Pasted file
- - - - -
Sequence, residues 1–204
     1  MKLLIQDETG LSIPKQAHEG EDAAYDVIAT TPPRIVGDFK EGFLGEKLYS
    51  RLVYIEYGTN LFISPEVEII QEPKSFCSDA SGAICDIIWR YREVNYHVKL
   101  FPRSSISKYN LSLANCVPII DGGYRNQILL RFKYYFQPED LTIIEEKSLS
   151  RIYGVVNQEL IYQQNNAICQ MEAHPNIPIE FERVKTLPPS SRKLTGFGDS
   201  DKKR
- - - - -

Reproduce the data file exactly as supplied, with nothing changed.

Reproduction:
Sequence, residues 1–204
     1  MKLLIQDETG LSIPKQAHEG EDAAYDVIAT TPPRIVGDFK EGFLGEKLYS
    51  RLVYIEYGTN LFISPEVEII QEPKSFCSDA SGAICDIIWR YREVNYHVKL
   101  FPRSSISKYN LSLANCVPII DGGYRNQILL RFKYYFQPED LTIIEEKSLS
   151  RIYGVVNQEL IYQQNNAICQ MEAHPNIPIE FERVKTLPPS SRKLTGFGDS
   201  DKKR